Sunday, August 16, 2009

Meet the Press August 16

Meet the Press starts out with a 15 minute discussion of how responsible the REpublicans are for the guy standing outside a townhall with a gun and a sign with Jefferson's tree of liberty remark.  Now that is interesting. I don't recall the Democrats ever being asked about the anti-war protesters with the constant Bush-Hitler comparisons and protesting at soldier's funerals.  Indeed, if you ever brought it up you were engaging in McCarthyism.  Why is one side always answerable for its fringe but the other side not only doesn't have to answer for them but can use any attempt to get them to answer for them to discredit their opponents.

Then there are the "death panel" questions.  Daschle points out that comparative effectiveness is used at the Mayo Clinic.  Now even if they were the same thing it is all the difference in the world when a private organization that has to compete with other private organizations and that you can leave and the government that does not have to compete and which you cannot leave.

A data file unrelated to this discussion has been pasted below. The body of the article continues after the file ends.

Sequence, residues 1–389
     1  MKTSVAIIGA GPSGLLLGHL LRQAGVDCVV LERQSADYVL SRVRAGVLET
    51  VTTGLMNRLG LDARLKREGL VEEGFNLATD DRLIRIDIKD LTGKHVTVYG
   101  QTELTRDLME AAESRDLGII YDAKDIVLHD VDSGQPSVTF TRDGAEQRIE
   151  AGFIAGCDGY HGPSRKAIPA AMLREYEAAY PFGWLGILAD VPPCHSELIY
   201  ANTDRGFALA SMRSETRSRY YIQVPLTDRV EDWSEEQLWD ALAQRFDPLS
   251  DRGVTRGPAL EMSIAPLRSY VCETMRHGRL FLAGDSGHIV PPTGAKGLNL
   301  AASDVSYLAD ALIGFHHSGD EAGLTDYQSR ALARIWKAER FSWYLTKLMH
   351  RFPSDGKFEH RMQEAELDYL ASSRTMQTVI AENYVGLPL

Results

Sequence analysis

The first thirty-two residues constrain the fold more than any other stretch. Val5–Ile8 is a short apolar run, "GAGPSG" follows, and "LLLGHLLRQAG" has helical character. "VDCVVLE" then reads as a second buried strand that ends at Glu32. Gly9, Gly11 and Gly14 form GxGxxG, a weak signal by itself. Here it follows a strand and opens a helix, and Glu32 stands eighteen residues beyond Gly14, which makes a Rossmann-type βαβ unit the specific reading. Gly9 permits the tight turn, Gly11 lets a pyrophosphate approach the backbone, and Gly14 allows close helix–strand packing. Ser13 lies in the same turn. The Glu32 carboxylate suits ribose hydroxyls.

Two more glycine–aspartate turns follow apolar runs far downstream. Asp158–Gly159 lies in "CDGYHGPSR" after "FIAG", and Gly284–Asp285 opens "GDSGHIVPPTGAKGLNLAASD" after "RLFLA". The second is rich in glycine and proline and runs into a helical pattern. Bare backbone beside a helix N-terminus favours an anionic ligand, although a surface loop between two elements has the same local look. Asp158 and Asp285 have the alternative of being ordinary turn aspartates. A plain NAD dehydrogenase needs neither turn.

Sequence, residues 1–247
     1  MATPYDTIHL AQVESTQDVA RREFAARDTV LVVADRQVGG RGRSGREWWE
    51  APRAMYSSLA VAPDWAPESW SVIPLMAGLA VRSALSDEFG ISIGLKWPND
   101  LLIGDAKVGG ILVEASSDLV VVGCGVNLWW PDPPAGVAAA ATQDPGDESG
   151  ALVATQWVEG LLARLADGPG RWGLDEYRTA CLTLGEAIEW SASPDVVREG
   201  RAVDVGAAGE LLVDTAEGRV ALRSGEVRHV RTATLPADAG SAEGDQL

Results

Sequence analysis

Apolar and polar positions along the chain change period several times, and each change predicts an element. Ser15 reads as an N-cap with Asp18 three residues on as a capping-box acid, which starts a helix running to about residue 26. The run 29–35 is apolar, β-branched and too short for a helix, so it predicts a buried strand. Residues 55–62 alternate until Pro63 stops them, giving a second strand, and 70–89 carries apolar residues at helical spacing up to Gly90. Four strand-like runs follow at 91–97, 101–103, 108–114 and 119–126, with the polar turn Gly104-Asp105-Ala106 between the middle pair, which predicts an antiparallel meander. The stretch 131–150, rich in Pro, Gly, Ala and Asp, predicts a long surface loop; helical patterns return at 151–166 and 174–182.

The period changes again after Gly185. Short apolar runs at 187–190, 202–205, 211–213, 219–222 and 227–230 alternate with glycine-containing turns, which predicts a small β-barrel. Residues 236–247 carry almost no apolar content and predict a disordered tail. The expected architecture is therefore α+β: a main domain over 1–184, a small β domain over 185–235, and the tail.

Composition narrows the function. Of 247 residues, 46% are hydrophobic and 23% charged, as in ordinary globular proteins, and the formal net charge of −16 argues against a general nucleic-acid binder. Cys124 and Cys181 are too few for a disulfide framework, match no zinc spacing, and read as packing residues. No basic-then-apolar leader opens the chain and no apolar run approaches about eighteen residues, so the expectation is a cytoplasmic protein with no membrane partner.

Armey gets drawn off in his idea of making Medicare voluntary.  It is an interesting discussion.  they want to use this to show the seniors that they expected to be supporting the Obama proposal that the right has radical goals that you, Mr. and Mrs. Middle America, do not support.  They have a point. The right wants to go much farther down the road to privatization than the media voter.  But that doesn't matter right now.  The important thing is how far down the road to socialized medicine the left wants to go because they are the ones that are writing the bill.  Even reasonable proposals that would do no great harm in themselves might reasonably be opposed by someone that does not want to go as far toward governmental decision making over private decision making as does the left. Rachel tries to do to Armey (and fairly enough as far as I am concerned) that the public has been doing to the Obama administration. 

Daschle defends the public option by pointing out that only 6% chose medicare part D.  But people chose Medicare Part D individually from a national market.  People get their private health care from their employer and from a state market. 

"Comparative effectiveness" has become a slippery term.  Comparative effectiveness covers everything from comparing two highly similar drugs for the identical condition to comparing the social welfare benefits of preventative measures early in life to surgical interventions late in life.

It is not a debate about finding a way to pull the plug on Granny, it is a debate about getting Granny to just take her pain pills instead of getting that expensive hip replacement.

No comments: